From here things unfolded as expected. The rising sun meant we could ditch the headlamps about 10km in and with the dull sunshine came beautiful forest views. I say it was ‘dull’ purely because the rain persisted and made for a soft light. The opening kilometres passed without incident and I spent much of them chatting to Vajin Armstrong, a guy I call the nicest bloke on the trails. At around 16km Vajin, Mike Wardian and I were at the pointy end with Jonas Buud slightly in front. It was here I decided to get a bit of a wriggle on and catch the Swede as I didn’t want him getting away. I figured my only shot at winning was to lock horns with him from the start as he’s not the kind of guy that you’re going to be able to mow down if he gest a bit of a gap.
Jonas and I traded the lead for the first 60km or so, with the two of us going stride for stride. I felt really strong and at the 58km point I actually thought to myself that I reckon my plan might work and I’d be able to pick up the pace in the last 40km. However, shortly after this moment of bliss I had a really rough patch. It was as though I’d gotten a flat tyre and was really struggling to move freely. Then in a matter of about 100m at around 60km I fell twice in short succession. Quickly Jonas came up on my shoulder and we exchanged a few brief words. “You look like you’re jogging mate!” I said. He replied with “There’s a long way to go still” before putting on the afterburners and running away.
From here I went into survival mode. I knew the rough patch would eventually end but how long it would hang around was unknown. I decided to consolidate and backed off a tad. I conceded my chances of winning were gone, but started to question whether or not I’d last the distance and hold onto 2nd place. I gradually came out of the hole at around 70km and started to feel human again. The pace picked up and I made it to the short out and back section (80kmish) where the final real climb of the race is. Here I was given a time-check and heard Jonas was 15 minutes ahead but no one was sure what the gap was like for the chasers behind.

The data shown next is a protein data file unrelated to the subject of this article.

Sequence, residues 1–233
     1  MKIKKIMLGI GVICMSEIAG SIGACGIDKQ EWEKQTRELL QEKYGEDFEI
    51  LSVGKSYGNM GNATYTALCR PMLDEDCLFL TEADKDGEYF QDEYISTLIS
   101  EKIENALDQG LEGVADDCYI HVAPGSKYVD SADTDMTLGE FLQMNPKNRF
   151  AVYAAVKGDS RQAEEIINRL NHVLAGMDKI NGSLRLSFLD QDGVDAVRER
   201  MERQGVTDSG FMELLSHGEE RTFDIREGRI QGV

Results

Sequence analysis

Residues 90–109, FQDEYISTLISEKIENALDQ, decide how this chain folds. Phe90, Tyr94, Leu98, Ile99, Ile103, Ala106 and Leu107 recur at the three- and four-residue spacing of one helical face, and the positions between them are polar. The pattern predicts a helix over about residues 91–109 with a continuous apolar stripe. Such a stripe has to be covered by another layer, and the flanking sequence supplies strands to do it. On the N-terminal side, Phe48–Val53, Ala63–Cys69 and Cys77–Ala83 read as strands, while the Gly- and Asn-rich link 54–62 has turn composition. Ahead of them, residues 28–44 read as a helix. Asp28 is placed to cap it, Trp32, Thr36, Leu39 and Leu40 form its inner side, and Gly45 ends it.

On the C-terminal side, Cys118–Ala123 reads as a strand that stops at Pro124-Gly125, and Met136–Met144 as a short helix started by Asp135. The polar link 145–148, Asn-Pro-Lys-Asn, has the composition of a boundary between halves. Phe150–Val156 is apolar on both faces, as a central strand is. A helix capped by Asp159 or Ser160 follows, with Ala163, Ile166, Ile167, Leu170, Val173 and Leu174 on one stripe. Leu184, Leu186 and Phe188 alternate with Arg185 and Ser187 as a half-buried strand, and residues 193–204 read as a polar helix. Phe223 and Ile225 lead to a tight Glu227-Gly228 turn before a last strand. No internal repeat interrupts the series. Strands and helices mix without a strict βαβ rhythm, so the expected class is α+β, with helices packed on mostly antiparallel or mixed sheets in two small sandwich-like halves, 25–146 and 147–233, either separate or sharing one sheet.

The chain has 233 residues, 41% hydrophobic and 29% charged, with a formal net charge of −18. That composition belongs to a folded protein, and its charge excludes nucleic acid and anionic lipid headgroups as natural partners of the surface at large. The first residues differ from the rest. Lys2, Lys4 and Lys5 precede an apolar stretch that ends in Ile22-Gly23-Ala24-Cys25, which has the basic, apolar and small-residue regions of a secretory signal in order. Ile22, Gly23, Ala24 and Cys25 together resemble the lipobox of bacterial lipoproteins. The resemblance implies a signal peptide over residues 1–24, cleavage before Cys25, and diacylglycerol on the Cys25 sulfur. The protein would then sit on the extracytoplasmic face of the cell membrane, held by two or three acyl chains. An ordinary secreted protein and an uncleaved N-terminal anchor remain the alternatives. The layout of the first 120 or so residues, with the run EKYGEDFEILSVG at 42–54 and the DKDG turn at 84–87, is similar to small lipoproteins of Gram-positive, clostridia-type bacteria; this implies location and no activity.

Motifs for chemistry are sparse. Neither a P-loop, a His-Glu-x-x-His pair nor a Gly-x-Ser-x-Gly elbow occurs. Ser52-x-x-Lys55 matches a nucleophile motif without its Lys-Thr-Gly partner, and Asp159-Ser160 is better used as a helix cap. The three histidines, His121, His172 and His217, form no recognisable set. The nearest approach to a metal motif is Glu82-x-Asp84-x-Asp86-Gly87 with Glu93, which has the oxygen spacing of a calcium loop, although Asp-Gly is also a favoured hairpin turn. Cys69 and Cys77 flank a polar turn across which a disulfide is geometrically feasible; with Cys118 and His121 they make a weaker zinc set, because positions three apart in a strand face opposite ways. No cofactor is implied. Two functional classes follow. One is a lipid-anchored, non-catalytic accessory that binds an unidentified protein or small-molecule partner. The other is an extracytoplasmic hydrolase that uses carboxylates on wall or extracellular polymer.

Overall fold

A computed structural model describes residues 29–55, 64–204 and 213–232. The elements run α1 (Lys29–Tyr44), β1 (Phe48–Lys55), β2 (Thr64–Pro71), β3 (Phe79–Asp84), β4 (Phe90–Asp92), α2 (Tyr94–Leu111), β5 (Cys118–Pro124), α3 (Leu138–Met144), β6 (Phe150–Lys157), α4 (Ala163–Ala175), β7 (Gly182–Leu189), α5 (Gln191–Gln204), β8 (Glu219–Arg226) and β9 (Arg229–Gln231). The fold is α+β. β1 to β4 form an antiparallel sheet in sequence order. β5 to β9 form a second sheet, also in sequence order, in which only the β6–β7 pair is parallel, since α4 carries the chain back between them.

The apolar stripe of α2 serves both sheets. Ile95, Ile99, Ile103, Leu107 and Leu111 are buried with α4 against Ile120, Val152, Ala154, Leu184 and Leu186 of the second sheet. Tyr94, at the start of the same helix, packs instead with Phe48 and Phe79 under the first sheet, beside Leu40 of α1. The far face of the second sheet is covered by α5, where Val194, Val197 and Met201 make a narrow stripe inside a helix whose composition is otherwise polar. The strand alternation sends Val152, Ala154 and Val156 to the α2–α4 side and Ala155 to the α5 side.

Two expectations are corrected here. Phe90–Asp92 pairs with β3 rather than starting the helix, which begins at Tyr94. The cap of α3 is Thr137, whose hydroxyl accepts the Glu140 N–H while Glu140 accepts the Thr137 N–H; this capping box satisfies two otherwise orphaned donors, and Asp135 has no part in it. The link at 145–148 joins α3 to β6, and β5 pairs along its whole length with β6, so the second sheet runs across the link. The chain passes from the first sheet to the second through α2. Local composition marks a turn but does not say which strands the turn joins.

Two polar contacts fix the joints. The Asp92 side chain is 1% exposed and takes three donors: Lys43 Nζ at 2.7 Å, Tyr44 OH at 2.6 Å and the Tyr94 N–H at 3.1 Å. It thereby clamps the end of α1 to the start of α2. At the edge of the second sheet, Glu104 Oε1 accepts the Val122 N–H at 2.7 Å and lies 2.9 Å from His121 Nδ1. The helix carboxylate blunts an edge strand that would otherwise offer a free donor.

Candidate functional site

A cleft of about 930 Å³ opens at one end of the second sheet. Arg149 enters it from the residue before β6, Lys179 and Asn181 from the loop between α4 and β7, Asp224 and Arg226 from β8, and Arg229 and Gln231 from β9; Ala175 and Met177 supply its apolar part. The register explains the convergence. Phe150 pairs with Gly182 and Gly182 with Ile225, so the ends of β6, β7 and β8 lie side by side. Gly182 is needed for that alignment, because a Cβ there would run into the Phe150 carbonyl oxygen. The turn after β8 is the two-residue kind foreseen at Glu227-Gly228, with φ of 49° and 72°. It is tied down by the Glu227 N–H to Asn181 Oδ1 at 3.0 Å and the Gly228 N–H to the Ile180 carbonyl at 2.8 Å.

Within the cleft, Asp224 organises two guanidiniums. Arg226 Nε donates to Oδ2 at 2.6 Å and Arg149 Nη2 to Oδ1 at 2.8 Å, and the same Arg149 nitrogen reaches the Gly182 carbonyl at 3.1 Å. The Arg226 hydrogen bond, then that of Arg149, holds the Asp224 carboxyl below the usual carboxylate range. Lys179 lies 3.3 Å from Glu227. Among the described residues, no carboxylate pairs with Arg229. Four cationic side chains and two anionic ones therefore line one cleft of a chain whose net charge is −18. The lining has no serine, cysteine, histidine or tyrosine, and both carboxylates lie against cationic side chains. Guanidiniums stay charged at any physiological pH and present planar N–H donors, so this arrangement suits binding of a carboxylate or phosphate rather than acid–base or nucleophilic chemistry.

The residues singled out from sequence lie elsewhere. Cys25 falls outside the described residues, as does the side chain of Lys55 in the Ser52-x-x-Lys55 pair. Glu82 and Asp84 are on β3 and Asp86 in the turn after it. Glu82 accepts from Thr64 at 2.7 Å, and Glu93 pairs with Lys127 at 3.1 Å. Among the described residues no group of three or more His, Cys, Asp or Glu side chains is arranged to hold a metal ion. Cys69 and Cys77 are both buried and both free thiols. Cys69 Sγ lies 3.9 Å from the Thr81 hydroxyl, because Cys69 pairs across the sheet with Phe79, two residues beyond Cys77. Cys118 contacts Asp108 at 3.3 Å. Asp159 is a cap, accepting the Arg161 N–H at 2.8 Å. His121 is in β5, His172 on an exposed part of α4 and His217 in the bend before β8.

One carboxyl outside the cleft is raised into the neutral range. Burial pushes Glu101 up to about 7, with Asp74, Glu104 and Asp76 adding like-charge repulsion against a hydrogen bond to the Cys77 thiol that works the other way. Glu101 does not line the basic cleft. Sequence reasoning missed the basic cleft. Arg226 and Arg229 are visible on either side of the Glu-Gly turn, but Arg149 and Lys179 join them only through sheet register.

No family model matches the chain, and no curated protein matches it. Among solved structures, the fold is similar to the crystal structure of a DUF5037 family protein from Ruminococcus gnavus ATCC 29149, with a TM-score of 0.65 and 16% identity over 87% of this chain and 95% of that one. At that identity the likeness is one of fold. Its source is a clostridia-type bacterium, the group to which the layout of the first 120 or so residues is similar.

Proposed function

Hitting the climb I was once again in a spot of bother. I quickly went from feeling ok to being a bag of crap! I hiked over the top and ran back to the end of the lollipop shaped out and back to hear that Ryan Sandes was in third, around 5 mins behind, and looking good. This made me nervous. He’s a seasoned performer and I’d heard he was back in form after a year of battling illness. This meant I spent the final 10 miles looking over my shoulder, waiting for him to pop up around a corner! It’s not the most pleasant position to be in. I liken it to running scared from an enemy that’s keen to put you in the hurt locker. I was already there and had no interest in being involved in a sprint to the finish line.
In the end I managed to hang tough, dragging myself through the final kilometres with my awesome support crew Emma cheering for me along the way. Reaching the finishing chute I felt a sense of relief and excitement. I’d just run a really long way and managed to beat some of the top ultra runners in the world, something I always believed I was capable of, but having only ever run 60km there was a little bit of doubt as to how I would handle the distance.
So how did my body pull up? Well, I had the worst chafing I’d ever endured. My thighs were red raw and I waddled around like I was in a nappy. My feet were pretty good, with a couple blood blisters being the only noticeable marks. I also had a stack of scratches on my legs as a result of a few falls and a failed attempt at climbing over a fallen tree. Other than that, I was good to go within a few days. That said, two weeks on and I’m still doing nothing. Not due to fatigue, but an injury I sustained moving boxes!